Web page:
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The ACCU passes on review copies of computer books to its members for them to review. The result is a large, high quality collection of book reviews by programmers, for programmers. Currently there are 1949 reviews in the database and more every month.
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Learning VBScript
P Lomax
1 56592 247 6
Brian Bramer
Appeared in:
VBScript, a subset of Microsoft's Visual Basic language, is a scripting language that is embedded in HTML documents to create interactive and dynamic web pages. It is built into Microsoft's MS Internet Explorer browsers and plug-ins are available for other browsers such as Netscape Communicator.

The approach taken in this book is along the lines of a traditional programming book (in contrast to the design based approach used by 'Designing with JavaScript' above). For example, after a couple of introductory chapters setting VBScript amongst the various technologies Chapters 3 and 4 cover language basics (the<SCRIPT> tag, types, variables, constants, arrays, operators, conditional and looping statements, subroutines, etc.) To support the discussion there are plenty of programs (available on the CD) and Chapter 4 ends with an example implementing a web-based calculator. Having covered basics Chapters 5 and 6 move on to creating complex web pages and Chapters 7 and 8 cover adding ActiveX functionality. The remainder of the text looks at advanced features and how to build real world web pages dealing with links, images, forms validation, error handling, etc. The final chapter discussing how to deal with other browsers, i.e. only MS Internet Explorer 3 directly supports VBScript and ActiveX. Clearly if one is using a company Intranet where Internet Explorer is the only browser used this problem does arise. But what should a public web page do when another browser (such as Netscape) accesses it? One could display a message telling the reader to get Internet Explorer or take more diplomatic action.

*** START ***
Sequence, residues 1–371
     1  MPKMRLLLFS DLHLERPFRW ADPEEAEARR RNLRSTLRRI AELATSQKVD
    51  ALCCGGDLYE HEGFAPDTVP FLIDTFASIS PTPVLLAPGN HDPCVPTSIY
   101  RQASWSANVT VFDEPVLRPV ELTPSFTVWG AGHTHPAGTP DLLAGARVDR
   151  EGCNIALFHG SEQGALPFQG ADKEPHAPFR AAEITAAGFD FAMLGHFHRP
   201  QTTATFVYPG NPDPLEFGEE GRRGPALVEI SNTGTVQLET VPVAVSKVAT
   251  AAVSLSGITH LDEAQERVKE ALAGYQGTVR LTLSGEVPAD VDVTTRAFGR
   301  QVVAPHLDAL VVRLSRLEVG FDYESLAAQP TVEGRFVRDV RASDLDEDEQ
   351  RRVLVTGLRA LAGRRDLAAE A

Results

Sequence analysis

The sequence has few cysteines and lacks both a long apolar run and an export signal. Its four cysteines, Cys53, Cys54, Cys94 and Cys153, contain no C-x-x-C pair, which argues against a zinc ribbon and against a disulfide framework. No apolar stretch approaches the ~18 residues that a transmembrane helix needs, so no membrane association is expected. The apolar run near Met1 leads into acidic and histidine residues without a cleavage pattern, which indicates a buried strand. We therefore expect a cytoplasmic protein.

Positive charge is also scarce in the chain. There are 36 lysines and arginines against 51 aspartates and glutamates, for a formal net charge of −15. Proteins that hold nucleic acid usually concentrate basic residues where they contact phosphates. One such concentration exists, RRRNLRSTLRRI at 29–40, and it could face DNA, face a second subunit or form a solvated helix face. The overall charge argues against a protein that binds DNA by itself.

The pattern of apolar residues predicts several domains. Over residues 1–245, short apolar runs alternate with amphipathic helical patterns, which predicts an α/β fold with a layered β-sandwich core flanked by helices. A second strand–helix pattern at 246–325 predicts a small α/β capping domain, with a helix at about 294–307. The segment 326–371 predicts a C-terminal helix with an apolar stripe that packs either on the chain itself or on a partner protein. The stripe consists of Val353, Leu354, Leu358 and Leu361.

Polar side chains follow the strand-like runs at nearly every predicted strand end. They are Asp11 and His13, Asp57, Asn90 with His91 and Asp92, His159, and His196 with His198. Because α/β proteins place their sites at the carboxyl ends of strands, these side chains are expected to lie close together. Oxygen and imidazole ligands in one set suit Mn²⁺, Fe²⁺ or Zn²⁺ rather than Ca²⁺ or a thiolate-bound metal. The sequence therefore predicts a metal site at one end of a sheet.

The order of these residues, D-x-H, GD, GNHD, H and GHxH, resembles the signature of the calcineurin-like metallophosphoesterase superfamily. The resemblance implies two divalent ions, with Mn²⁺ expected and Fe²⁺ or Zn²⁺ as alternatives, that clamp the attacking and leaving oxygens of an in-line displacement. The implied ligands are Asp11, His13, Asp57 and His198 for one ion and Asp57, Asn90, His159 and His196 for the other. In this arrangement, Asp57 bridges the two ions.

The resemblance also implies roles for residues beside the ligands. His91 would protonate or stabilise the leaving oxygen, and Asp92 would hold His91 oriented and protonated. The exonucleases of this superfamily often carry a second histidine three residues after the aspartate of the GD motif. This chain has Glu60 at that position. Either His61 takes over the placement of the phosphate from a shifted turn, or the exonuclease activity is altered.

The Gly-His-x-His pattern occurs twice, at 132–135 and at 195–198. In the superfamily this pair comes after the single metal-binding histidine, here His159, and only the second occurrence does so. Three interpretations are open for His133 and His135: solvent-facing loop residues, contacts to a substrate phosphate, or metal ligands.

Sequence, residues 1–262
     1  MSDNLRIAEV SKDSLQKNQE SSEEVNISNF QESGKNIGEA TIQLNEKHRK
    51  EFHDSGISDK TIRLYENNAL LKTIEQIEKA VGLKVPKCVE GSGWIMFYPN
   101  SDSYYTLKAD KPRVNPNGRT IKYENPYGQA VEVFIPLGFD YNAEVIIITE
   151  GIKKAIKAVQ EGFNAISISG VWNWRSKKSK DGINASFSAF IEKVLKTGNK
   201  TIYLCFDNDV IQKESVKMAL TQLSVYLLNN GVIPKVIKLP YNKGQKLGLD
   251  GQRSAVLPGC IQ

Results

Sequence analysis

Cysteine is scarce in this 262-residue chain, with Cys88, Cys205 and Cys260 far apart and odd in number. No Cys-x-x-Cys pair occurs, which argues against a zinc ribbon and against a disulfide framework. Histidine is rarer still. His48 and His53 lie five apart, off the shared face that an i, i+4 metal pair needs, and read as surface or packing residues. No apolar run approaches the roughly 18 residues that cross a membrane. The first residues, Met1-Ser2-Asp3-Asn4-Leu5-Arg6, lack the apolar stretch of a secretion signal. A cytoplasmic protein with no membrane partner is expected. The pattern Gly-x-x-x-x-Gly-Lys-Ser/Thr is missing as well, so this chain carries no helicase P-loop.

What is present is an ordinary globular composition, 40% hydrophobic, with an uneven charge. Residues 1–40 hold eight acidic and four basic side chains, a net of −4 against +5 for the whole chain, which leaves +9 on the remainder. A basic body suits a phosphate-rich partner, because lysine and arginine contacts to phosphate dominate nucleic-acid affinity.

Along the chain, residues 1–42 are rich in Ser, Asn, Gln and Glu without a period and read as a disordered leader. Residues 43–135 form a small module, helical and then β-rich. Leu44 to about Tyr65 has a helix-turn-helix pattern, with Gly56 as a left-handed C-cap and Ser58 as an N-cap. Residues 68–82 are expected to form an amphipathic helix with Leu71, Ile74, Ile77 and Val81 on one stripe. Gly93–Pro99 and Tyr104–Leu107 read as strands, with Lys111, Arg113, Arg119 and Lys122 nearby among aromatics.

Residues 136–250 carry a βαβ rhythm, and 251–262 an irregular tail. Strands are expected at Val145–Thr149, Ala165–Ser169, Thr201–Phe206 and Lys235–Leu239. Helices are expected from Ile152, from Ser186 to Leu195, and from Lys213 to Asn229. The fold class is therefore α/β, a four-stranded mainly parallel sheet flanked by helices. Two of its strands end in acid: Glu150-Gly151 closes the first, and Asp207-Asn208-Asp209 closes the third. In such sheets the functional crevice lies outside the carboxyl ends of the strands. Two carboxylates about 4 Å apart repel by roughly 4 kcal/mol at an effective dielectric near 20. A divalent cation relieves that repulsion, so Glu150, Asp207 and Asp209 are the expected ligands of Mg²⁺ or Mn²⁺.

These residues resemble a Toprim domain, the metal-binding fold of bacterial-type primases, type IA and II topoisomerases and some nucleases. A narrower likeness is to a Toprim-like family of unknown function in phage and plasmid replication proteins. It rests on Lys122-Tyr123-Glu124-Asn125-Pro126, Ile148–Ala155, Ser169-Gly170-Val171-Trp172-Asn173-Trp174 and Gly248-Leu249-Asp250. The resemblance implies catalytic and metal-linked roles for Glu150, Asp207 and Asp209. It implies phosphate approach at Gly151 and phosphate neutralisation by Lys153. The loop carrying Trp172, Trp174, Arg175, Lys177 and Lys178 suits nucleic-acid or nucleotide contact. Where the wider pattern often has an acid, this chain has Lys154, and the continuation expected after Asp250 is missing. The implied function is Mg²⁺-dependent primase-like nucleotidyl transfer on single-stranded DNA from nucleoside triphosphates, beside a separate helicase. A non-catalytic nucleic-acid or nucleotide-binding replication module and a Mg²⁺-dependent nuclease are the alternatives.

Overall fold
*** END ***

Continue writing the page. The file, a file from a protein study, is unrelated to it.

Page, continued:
A good text well worth considering by the web page designer wishing to learning VBScript or looking for a reference.